I once took a very VIP convoy to Rosemount in about 1984 and, having not really remembered the recce notes mistakenly turned into a small supermarket car park before the actual base which led to an embarrassed silence in the Granada.It's the entrance to Brook Park. That particular little stretch of road leads up to the old Rosemount shirt factory. A useful harboring-up location for the Bogside, just off to the left of picture or again to the Creggan estate zone via Rosemount.
There was until a few years ago a fixed military base in the Rosemount, not that far from the photo's location.
As you drive along the M6 heading north over Birmingham, the old Fort Dunlop building is on your right. Off to the side, on the northern side, is Dunlop Aircraft Tyres, now an independent company no longer affiliated to the Dunlop brand proper (which was bought by Goodyear some time ago).In Birmingham at Castle Bromwich they named streets after Battle of Britain aircraft, RAF Stations and pilots.
It at least showed there was probably one ex Military bloke involved with a black sense of humour
What shall we call the Pedestrian only walkway then?
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Biggest raid on Münster was Sunday 10th October 1943 median aiming point the steps of the cathedral, was this the one you were thinking of?Good point.
The USAAF tried to maintain the fiction of pinpoint accuracy. It played better at home. Press releases were careful to mention that a target was a particular military or economic objective instead of simply a city area.
Some aircrew comforted themselves with the idea that, whilst accepting collateral damage, they were at least trying to hit genuine military/economic targets. A watershed moment came in a raid on Munster in 1943, May I think (I’ll check and edit.) The raid was taking place on a Sunday, time on target 1200, aiming point was the Domplatz, the public square in front of the cathedral. Just as worshippers would be leaving.
Many American fliers were very uneasy, but I know of at least one who tried to refuse to fly, but was threatened with disciplinary action if he did not go.
When life imprisonment became the replacement for murder the people (I include myself among them) were under the impression that this meant life. That it included provision for parole was not as I remember included. It wasn't discussed openly, if at all.Back in the days when we still hanged folk, we hanged a few 'bang to rights' ones who turned out to be innocent, too.
It doesn't. DNA evidence was used to jail David Butler of murder.
There isn't and never will be any such thing as infallible evidence so long as human beings are involved.
That’s the one.
In addition to flipping the bomb release switches on the visual prompt from the lead aircraft, a Togglier also had responsibility for removing safety pins from each bomb. This was normally done over the sea on the outward trip once the immediate dangers of mid-air collision during formation were reduced. He also manned the Bendix chin turret, where fitted, or any gun fitted in the Perspex nose cone, both of these tasks being within the normal remit of a fully trained bombardier. However a Togglier was not trained in the use of the complex Norden bombsight, which involved actually flying the aircraft by secondary controls during the bomb run. A bombardier was also trained to assist the navigator, training which was not given to a Togglier.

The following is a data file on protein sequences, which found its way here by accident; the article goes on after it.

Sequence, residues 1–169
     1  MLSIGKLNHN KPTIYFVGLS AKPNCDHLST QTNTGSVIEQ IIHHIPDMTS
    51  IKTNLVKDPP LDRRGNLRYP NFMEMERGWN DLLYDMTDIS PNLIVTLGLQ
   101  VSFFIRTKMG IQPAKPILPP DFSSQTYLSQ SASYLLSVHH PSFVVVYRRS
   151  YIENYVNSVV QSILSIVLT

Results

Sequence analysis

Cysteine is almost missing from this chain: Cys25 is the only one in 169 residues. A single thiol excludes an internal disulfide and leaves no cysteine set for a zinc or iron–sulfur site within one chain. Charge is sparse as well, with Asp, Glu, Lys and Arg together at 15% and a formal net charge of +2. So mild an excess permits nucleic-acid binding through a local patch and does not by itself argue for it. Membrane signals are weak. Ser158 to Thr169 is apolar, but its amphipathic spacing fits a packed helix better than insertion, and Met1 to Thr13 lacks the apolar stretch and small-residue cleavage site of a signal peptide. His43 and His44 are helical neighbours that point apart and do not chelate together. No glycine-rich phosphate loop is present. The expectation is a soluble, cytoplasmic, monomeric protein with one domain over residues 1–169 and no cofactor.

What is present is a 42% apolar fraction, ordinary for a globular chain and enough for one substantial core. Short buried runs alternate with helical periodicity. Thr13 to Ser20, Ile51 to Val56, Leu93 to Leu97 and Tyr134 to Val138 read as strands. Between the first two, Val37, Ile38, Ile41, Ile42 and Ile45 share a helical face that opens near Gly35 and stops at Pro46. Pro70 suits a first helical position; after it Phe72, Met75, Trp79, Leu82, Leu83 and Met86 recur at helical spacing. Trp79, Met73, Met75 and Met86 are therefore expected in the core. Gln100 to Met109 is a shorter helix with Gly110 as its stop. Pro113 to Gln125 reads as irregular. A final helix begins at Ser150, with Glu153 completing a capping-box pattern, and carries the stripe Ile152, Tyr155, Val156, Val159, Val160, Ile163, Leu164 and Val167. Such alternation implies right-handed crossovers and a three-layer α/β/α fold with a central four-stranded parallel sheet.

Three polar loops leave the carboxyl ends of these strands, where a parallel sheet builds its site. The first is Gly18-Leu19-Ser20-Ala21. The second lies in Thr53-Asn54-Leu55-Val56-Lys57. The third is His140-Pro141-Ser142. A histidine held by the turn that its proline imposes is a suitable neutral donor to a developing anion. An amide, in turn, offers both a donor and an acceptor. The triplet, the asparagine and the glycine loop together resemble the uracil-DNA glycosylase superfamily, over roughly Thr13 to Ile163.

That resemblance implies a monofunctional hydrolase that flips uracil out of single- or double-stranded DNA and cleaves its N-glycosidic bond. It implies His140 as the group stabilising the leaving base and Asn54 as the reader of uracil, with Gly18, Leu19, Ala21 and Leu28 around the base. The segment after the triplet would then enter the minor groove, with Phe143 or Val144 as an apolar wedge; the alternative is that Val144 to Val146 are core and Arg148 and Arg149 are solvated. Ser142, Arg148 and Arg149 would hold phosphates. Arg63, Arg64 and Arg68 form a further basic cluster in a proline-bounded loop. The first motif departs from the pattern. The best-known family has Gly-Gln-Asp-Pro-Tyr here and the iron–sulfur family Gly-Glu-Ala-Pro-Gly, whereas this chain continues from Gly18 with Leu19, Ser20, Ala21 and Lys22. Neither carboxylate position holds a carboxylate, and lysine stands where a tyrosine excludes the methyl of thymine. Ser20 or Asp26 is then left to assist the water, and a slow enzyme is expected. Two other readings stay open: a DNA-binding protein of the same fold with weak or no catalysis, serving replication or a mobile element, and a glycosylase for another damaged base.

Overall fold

Got a copy of the book I mentioned a few months ago, just can't spot it at the moment; by any chance have you stumbled across this - Royal Flush ‹ HistoricWings.com :: A Magazine for Aviators, Pilots and Adventurers I only found it last month & it covers the raid.That’s the one.
It was the third mission in three days for many of the Bombardment Groups, Bremen on October 8th, Marienburg on the 9th, then Munster on the 10th.
The 100th earned their nickname, “The Bloody Hundredth” on this sequence of raids: on the 10th they were only able to field thirteen bombers after losses on the previous two days.
Back at their base, Thorpe Abbots, ground personnel were “sweating them in” awaiting the return of their planes. The first was Royal Flush with a recently arrived crew piloted by Lt Robert “Rosie” Rosenberg. This was not their own plane, as “Rosies Riveters” had been damaged during the Bremen and Marienburg missions.
Royal Flush came in on two engines with a large hole in the wing from an air to air rocket, firing red flares to indicate wounded aboard.
As the vigil continued it became clear that Royal Flush was not just the first, but the only survivor of the thirteen B-17s that the 100th had sent out that morning.
Rosenberg went on to have a charmed life, though shot down twice and wounded. He volunteered to keep flying after his first and second tours. In 1945, by now a Major, he was Mission Commander on the great raid on Berlin on February 3rd, when the loathsome Nazi judge Roland Freisler was killed. Rosenberg was shot down on this mission, but managed to reach Russian lines before bailing out.
The Hanks/Spielberg epic currently in production as “Masters of the Air “ focuses on the 100th and Rosenberg.